March 8 is undoubtedly one of the key dates for feminist movements throughout the world. The significance of this date stems partly from a deeply tragic event, the Triangle Shirtwaist Factory fire in New York in 1911, which claimed the lives of 146 workers.
Most of these were immigrant women who had campaigned for improved working conditions which would enable them to combine their jobs with looking after their families, as well as for better pay and fairer treatment in the workplace.
The factory owners had locked the emergency exits and many of the women were forced to jump from windows to escape the fire.
However, this event has come to symbolize other struggles, many of which are connected to socialist movements worldwide and which are centered on equality for women regardless of their country of origin, religion, race, ethnicity, or marital status.
In Mexico, many women lead precarious lives in the shadow of violence. More than 16,000 women have been killed in Mexico since 2012, yet fewer than a fifth of these cases have been investigated and tried as femicide — defined as a violent killing with a gender-related motivation.
This is despite the introduction of legislation in 2015 under which killings arising from gender-related violence are to be considered cases of femicide.
Another manifestation of extreme violence which looms over the lives of Mexican women is that of unexplained disappearances. More than 110,000 people have been reported missing throughout the country, many of these cases being related to an ill-judged and bloody war on drugs.
Women, however, account for 28,000 of these disappearances, in other words almost a quarter of the total.
“My sister would be 21 if she were still alive,” “If I disappear, look after my mother,” “I’m a teacher — don’t touch my girls,” “UNAM (Universidad Nacional Autónoma de México, one of the country’s best-known universities) is a safe haven for rapists …”
— these were just some of the placards at the Women’s Day demonstration that spoke to feelings of great sorrow, as well as to the failure of successive Mexican governments to protect many of their female citizens who have been either directly or indirectly affected by different types of violence, and in many cases extreme violence.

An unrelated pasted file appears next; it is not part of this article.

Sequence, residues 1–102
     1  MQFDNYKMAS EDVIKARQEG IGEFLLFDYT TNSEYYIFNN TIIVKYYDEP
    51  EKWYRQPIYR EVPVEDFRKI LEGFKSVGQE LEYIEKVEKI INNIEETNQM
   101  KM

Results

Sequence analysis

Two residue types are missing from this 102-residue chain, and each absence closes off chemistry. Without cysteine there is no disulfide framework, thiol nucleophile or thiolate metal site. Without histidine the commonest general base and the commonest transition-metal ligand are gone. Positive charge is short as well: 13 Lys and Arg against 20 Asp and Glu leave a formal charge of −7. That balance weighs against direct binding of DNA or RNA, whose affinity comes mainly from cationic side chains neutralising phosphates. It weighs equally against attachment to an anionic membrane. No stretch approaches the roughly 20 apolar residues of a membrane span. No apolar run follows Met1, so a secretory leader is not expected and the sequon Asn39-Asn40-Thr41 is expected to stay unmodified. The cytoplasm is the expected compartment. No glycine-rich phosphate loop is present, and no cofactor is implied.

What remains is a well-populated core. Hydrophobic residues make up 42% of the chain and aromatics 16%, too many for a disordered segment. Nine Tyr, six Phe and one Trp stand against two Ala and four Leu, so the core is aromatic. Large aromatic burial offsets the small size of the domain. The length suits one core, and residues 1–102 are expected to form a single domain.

The Women’s Day demonstration, or 8M as it is also known, brings Mexican women together in a collective sense of pain and anger, and although in many countries it provides the opportunity for women to celebrate their bodies, their voices, their experiences, and their needs, in Mexico City there is a palpable sense of anguish arising from the experience of being a woman in Mexico.
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In Santiago, the capital of Chile, which is the setting for one of the biggest demonstrations in the Americas, Women’s Day is marked by countless stories of sexual abuse and harassment.
At the same time, however, it is also a celebration of the country’s many women’s groups and movements, among whose many achievements was the “women’s vote” which helped overthrow Augusto Pinochet, one of the most brutal dictators in the history of Latin America.
In Madrid, Women’s Day is a celebration of the achievements of the past: free, unrestricted, and universal access to safe abortions, progress in gender equality in the workplace, and the role of women in the world of politics.
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In Venezuela, Women’s Day is not a mass event, but rather a small gathering of women who are forced to confront not only the police and paramilitaries but also the taunts of their fellow Venezuelans in an attempt to raise awareness of the humanitarian crisis in women and LGBTQ+ communities.
The complete lack of official data and protection on the part of the government, and the increase in the number of femicide cases that are not investigated thanks to irregularities in the justice system and officials who have not been trained to deal with gender violence.
In Mexico City, Women’s Day is an externalization of the despair felt by Mexican women because they are women: the abuses that LGBTQ+ communities are subjected to because they do not fully comply with binary and biology-based concepts of gender.
The sense of horror which gives rise to the creation and support of communities in a context of femicides, disappearances, a marked increase in domestic violence, systematic injustice in the workplace, feelings of abandonment in relation to caring for and protecting our families, and restricted access to health care and the legal system.
International Women’s Day is not a cause for celebration anywhere in the world; yet in few places do women express their pain as they do in Mexico, in all their diversity, in all their charm, with all they have achieved, and all the sorrow they have felt.
“No more violence, no more mistreatment, no more humiliation,” they sang at the end of the afternoon in the Zócalo, the main square in the heart of Mexico City, while teargas were used to pacify the crowd. The women of Mexico are a long way from being pacified, however; having lost so much, they have also lost their fear.